Evolution of Grimm

While Code Bandit is getting our Demo for Letter Quest ready, I thought that I would share the progression our hero Grimm has made. E:  Is what you’ll be seeing in the demo version. I felt he was lacking something. And with that in mind F was born. Once he’s completed and Code Bandit has him in game I’m sure you’ll all be very happy with him. A: This is the very first drawing I did of Grimm, more of a classic reaper, minus the jaw, I thought he looked less scary without it. B: Those following the blog will recognize him from a few short animation tests I did. I found this design too limiting and so explored other options. C: Was very short lived, this one was a bit too creepy. But I liked the idea of long lanky legs kinda like Jack Skeleton. I also was keeping with the jeans and hoodie look. D: After tweaking the scary Grimm I thought this Grimm had it all. Nice long limbs for some dramatic animation and strong silhouettes . The one big drawback with this design was that we wanted the enemies to feel more impressive beside him. So in the end he ended up just being too tall. E: After going back to the drawing board I wanted to make Grimm cute and appealing and yet still recognizable as a grim reaper.  Surprisingly this is reminiscent of the very first drawing of Grimm. The one thing I really liked about this look is his face being hidden. F: This look has it all. He’s cute, cuddly and ready to clean up some lost souls. I kept his face hidden and added a glow to the eyes. I also made his hood longer and hang down instead of up like in E, this also allowed me to work a skull back into his design. His outfit isn’t so simple either, now with a belt. This serves two purposes. One, it breaks up the all the blue in the body, and two, it serves as a nice place to hide where the upper and lower body meet. Back to the frying pan Art...

read more

iOS 7 Support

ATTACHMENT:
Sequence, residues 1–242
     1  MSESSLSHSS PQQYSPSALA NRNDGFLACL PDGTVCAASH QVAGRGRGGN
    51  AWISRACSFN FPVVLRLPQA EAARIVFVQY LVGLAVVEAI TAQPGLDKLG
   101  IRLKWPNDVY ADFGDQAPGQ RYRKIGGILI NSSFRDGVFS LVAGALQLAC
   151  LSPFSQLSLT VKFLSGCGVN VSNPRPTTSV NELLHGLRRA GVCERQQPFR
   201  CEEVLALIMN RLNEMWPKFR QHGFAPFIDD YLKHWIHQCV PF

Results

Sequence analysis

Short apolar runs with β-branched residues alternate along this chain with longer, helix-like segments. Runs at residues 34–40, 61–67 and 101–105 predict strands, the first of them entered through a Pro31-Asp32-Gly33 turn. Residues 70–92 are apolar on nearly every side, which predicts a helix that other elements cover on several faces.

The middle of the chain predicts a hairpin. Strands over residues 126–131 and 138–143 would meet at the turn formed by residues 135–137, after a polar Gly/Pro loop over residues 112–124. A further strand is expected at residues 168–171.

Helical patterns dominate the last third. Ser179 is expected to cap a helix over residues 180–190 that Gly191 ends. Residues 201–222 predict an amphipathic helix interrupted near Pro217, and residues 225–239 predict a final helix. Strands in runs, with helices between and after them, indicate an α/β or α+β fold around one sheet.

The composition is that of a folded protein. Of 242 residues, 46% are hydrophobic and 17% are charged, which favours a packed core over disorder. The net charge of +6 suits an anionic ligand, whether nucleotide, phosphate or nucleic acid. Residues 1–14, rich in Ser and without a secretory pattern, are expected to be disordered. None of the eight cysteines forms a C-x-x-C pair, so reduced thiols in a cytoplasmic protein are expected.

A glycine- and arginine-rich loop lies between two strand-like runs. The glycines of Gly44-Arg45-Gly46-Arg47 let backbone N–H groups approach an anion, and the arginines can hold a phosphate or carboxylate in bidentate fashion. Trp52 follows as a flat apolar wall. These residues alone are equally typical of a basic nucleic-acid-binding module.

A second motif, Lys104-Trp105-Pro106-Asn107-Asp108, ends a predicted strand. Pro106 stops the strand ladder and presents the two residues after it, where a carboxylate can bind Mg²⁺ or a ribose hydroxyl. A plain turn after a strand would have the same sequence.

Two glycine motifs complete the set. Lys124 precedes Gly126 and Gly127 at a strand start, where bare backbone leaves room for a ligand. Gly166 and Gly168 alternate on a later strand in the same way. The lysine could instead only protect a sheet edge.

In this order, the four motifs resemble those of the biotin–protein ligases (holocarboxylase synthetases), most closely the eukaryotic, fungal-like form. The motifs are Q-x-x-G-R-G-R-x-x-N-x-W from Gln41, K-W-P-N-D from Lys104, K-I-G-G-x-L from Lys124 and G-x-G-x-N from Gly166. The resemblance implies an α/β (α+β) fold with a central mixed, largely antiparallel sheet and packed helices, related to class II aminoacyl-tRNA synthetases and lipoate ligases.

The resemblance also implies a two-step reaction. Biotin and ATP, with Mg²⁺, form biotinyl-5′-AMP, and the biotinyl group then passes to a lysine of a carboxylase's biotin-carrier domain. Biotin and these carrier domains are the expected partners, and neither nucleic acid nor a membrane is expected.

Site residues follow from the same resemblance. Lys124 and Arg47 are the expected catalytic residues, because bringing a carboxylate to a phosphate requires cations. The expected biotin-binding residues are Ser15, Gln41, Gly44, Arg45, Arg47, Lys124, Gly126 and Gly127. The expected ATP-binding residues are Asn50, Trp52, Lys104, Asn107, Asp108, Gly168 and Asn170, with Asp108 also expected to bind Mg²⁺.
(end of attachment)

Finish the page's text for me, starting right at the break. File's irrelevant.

Updated to the beta version of Air 3.9 SDK today and did a new build to attempt to fix the super-cool bug where users are presented with a dialog asking them to enable the microphone the first time a sound is played. Now that sure looks professional! The new SDK did fix the bug thankfully! Everything else seemed fine on iOS 6 and iOS 7 and then I tested bringing up Notification Center…crash. Then I attempted an in app purchase…crash. Then restoring purchases…crash. Then simply backgrounding the game by hitting the home button…crash. What gives? After scratching my head for a few minutes, wondering what I could’ve done to have broken everything so badly, I was able to retrieve the error message from the crash log: “The Stage3D API may not be used during background execution on this operating system”. Hmm, interesting, didn’t Adobe *just* finish adding support for exactly this issue? And I certainly don’t recall turning on background execution of Stage3D content. Curious. A quick browse of the Starling forums led me to a post about the issue I was encountering. So it turns out that Adobe is aware of the issue and it should likely be part of the next prerelease. Cool. But what to do in the meantime? Luckily Daniel (the super-awesome author of the Starling framework!) already created a quick fix for the issue. All it requires is passing true to the call to starling.stop when Event.DEACTIVATE fires. I updated my Starling source, tested it out, and…success! Notification center now works again, as does backgrounding the game. Then I tried in app purchases…crash. Same error as before. “The Stage3D API may not be used during background execution on this operating system”. But I’m not using it! Or at least I’m not trying to! Half an hour of digging through in app purchasing code, double-checking callbacks, and adding a ton of debug logging, the problem is…my custom dialog/popup. Ouch. See, I don’t like to just leave players hanging when they’re waiting for a purchase or to restore purchases, so I show a super-spiffy “please wait for the purchase to complete…” dialog. As soon as I get the callback from StoreKit that the purchase succeeded, failed, or was cancelled, I dismiss the dialog. A little debugging later and I realize that I’m dismissing the dialog BEFORE starling.start is called, which kicks off disposal of the dialog, which results in a vertex buffer being disposed, which means that…yeah okay, so it is me that is attempting to do something with Stage 3D while the game is still in the background. Oops. The fix was a bit messy, but simple: if a “close dialog” request is received and starling is not currently started, set a flag in the dialog manager and do nothing. Then, as soon as the app is activated, and starling is started, tell the dialog manager to close any open dialogs but only if that flag is set (otherwise we’d auto-dismiss any other dialog that could be active, which could be the user attempting to delete their save file, purchase their way past a quest, etc.). All good. So that’s the extent of my iOS 7 woes. Pretty good actually, really just a few hours of debugging and forum browsing. Bring on iOS 8!...